TV journalist murdered in Bulgarian town of Ruse

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She worked for a popular local TV station, TVN, which noted in a statement that it was experiencing "great pain and insurmountable grief".

Now Corinne Vella, sister of murdered Maltese journalist Daphne Caruana Galizia, has told Euronews countries need to work together.

The editor and co-founder of the Organized Crime and Corruption Reporting Project, OCCRP, Drew Sullivan, also demanded an independent investigation.

Bulgarian Interior Minister Mladen Marinov insisted Monday there was no evidence to suggest the killing was linked to Marinova's work.

Bulgaria's top prosecutor says authorities have no new leads on the motives for the rape and slaying of a Bulgarian television reporter.

Marinov said investigators are now working to identify any "contacts and problems" she had before the murder.

"It's unsafe to be a journalist in Bulgaria and physical assault is just one of the threats", says Silvia Velikova, a senior journalist from Bulgarian National Radio who covers the judiciary and politics.

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In the Bulgarian capital of Sofia, mourners gathered outside a church.

"Viktoria's death, the brutal manner in which she was killed, is an execution", Yordanov said.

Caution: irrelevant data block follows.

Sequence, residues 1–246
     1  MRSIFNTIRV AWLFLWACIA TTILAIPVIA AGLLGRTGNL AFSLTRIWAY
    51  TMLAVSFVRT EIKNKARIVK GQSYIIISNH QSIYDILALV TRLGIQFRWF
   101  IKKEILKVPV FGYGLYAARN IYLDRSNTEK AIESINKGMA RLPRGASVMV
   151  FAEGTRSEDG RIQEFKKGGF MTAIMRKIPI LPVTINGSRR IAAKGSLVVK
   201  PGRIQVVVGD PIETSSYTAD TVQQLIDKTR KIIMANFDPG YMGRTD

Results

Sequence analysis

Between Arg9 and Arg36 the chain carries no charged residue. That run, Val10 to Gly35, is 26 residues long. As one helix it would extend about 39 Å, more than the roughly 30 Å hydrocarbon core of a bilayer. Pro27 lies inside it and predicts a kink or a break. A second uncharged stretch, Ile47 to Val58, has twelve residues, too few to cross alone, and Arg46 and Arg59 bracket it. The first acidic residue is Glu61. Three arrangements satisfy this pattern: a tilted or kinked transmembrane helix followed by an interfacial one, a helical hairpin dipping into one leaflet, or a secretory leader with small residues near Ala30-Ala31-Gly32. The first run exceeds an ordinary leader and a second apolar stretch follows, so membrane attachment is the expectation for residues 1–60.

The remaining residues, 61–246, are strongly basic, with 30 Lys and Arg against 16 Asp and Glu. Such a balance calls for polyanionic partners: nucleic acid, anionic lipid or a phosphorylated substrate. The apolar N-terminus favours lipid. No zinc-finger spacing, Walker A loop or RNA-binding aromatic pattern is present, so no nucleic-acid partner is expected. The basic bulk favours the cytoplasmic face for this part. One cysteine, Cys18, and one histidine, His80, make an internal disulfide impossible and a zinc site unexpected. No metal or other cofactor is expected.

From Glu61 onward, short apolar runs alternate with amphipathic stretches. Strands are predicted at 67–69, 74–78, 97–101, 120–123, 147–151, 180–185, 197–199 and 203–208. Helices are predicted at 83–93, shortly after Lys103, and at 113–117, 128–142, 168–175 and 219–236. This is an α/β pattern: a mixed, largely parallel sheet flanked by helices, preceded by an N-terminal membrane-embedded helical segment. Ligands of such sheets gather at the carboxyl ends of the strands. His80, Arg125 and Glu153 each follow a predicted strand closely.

In another high-profile case, journalist Dilyana Gaytandzhieva broke news past year that large caches of U.S., Saudi, and Bulgarian weapons were secretly being shipped to Syria.

The killing turns the spotlight not only on Bulgaria - which is ranked 111th in the world for press freedom, the lowest of any European Union state - but also non-EU states including Ukraine Kosovo, Montenegro and Serbia.

Police investigators walk near a crime scene where TV journalist Viktoria Marinova was murdered in Ruse, Bulgaria on October 7, 2018.

The pair were briefly detained by police, drawing condemnation from Reporters Without Borders (RSF). "Investigative journalists are being systematically removed", Marinova said in her conclusion on the last Detector episode, aired on 30 September, adding that her show would give a forum to investigative journalists and engage in its own investigations in future.

"This is a topic on which no other Bulgarian national media dared to report on", he told The Associated Press. "I will closely follow the investigation opened by the authorities".

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EURACTIV has reported about this corruption case in November 2015.

The Committee to Protect Journalists called on Bulgarian authorities to conduct a "rigorous, thorough investigation" into the killing.

He quoted Juncker as saying previously that "too many" journalists were being intimidated, attacked or murdered and "there is no democracy without a free press".

Marinova's last show included an interview with two journalists who were arrested last month while working on a graft probe related to European Union funding.

Giegold said, "First Malta, then Slovakia, now Bulgaria".

"The country has a bad image with regard to press freedom, but it's possible that there is no link to this case", said Svetoslav Terziev, opposition media analyst who also teaches journalism.

The Bulgaria-based Association of European Journalists said reporters from small regional and local media are under particular pressure and even face threats from local businessmen and politicians, often leading to self-censorship.

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